Waters doesn’t make it easy for us Israelis. He puts all the blame on us, unwilling to acknowledge the responsibility of the other side. But when he is forced to deal with what’s happening in the rest of the world, he suddenly becomes much more forgiving and succeeds in internalizing the complexities of both sides of a conflict. Large massacres in Syria? “There are conflicts in the world where one side is absolutely just, like what was in South Africa, or the southern United States or like in your country,” he tries to explain. “In Syria, that’s not the situation.”
“Israel is unique in that it has a long history of human rights violations and actions that are contrary to international law, without anyone doing anything about it,” he tries to explain why we are always to blame. “It is protected in the United Nations, and in the UN Security Council by the US veto. Who goes and speaks in the name of the Palestinians? No one. And who attacks Iran and Syria and puts them under international sanctions? Almost everyone.”
A few days ago, horrifying pictures from the Assad regime’s chemical weapons attack in Syria were published. You have to agree that an American response is called for, maybe even an aerial attack.
“It’s problematic when they say, without having any proof, that they have no doubt that Assad used chemical weapons on innocent citizens and killed 1,500 people.”
You’re telling me that you believe him?
“Look, I am no fan of Assad and certainly don’t believe his every word. But after the lies of the Bush administration, I am happy that the citizens of the United States are now saying: ‘wait a minute, we heard all this talk before the invasion of Iraq.’ They are not becoming saints, but rather they are becoming selfish. That selfishness is good insofar as it stops Obama, who seems to be a bit cuckoo when he wants to launch missiles at a country that is already torn to ribbons and destroyed by a blood-soaked civil war.”
Do you want the world to continue to do nothing in the face of these horrific pictures?
“Who knows what is better for the citizens of Syria, the frying pan or the fire? Putin showed a video of one of the rebels tearing out the heart of a dead Syrian soldier and eating it on the street. So you’re sure you want to support the rebel side? What is happening there is beyond catastrophe. The existence of horrors is intended to keep the powerful powerful and the rich rich and the extremist extremist.”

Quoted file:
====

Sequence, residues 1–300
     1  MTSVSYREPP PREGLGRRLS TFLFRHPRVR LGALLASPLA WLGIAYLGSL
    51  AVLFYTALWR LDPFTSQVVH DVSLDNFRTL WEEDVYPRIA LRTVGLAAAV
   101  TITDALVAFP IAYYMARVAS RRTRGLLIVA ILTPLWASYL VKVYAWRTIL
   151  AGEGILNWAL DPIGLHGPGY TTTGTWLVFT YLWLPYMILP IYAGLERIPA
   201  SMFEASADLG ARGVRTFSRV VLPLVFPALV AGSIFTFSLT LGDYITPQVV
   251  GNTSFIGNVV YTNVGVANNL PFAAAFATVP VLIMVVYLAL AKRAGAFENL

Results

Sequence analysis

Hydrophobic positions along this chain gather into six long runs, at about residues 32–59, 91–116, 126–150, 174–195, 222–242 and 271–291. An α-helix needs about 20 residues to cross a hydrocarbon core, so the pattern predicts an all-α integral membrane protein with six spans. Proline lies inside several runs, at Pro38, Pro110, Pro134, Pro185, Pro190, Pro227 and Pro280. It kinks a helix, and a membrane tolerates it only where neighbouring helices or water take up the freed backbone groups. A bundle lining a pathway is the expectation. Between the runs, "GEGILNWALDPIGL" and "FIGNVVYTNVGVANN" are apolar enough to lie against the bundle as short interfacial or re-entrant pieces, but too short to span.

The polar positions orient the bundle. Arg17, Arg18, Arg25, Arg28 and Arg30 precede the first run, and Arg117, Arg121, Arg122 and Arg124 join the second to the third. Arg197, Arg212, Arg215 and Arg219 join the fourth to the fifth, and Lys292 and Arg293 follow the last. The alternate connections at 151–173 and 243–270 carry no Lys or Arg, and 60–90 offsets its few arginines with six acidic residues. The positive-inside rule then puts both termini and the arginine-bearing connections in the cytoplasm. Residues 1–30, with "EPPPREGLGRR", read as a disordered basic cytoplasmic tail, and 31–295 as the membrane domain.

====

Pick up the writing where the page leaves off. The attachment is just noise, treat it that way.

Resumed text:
All you do is criticize. How should the West act in the chaos of the Middle East?
“The first step is to leave them alone. Don’t decide that you know what’s best, that you can be the cop of the region. We need to stop sending them arms. You want to fight? Go pick up a rock. Let’s not make it into an industry that starts wars and makes trillions of dollars. One day, you’re playing in the backyard of your garden and a minute later you have no legs. Why?”
Fire and Plumes/Pillars of Smoke
It’s a bit hard to believe, but at 70 years of age, Waters acts like he released Pink Floyd’s “The Wall” only yesterday. Since September 2010, he did more than 220 shows, most of them in large stadiums. According to estimates, the numbers are approaching ten million tickets sold in North America and Europe. In the ticket lines at the Arena in Amsterdam, you can find glazed-eyed teenagers sporting a psychedelic look, guys who hadn’t had a haircut since the 70’s and 60 year olds for whom Waters was strumming on the chords of memory.
An hour before the show, the behind-the-scenes guest room fills up. The wild days of psychedelic drugs were replaced by a healthy fruit shake. Behind the partition, we hear sounds of singing. A group of children is practicing movement routines that accompany the lines “We Don’t Need No Education.” In every city, Waters will explain later, they recruit local kids who practice together a few hours before the show with one of the staff.
Fifteen minutes before the opening, I move to get a glimpse of the dark side of the stage, which looks like a futuristic construction site. Dozens of workers are positioned beside computers and hydraulic cranes. The white cubes of the wall are made of thick cardboard, and beside them is the giant pig doll that for a moment actually reminds me of a giant hippopotamus.
Powerful pyrotechnics create plumes of smoke. Waters enters center stage and shoots a dummy gun at the audience. Unforgettable animation clips from the cult movie “The Wall” are screened on the wall that is built across the entire inner stadium throughout the show, brick by brick.